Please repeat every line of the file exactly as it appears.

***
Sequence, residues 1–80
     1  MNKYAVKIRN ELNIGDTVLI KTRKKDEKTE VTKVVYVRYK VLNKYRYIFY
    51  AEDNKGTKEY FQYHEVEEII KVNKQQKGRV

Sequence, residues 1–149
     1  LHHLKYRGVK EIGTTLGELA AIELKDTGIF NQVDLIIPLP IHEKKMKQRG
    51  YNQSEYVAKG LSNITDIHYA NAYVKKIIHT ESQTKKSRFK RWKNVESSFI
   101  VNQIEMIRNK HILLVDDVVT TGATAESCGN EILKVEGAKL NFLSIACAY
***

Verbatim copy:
Sequence, residues 1–80
     1  MNKYAVKIRN ELNIGDTVLI KTRKKDEKTE VTKVVYVRYK VLNKYRYIFY
    51  AEDNKGTKEY FQYHEVEEII KVNKQQKGRV

Sequence, residues 1–149
     1  LHHLKYRGVK EIGTTLGELA AIELKDTGIF NQVDLIIPLP IHEKKMKQRG
    51  YNQSEYVAKG LSNITDIHYA NAYVKKIIHT ESQTKKSRFK RWKNVESSFI
   101  VNQIEMIRNK HILLVDDVVT TGATAESCGN EILKVEGAKL NFLSIACAY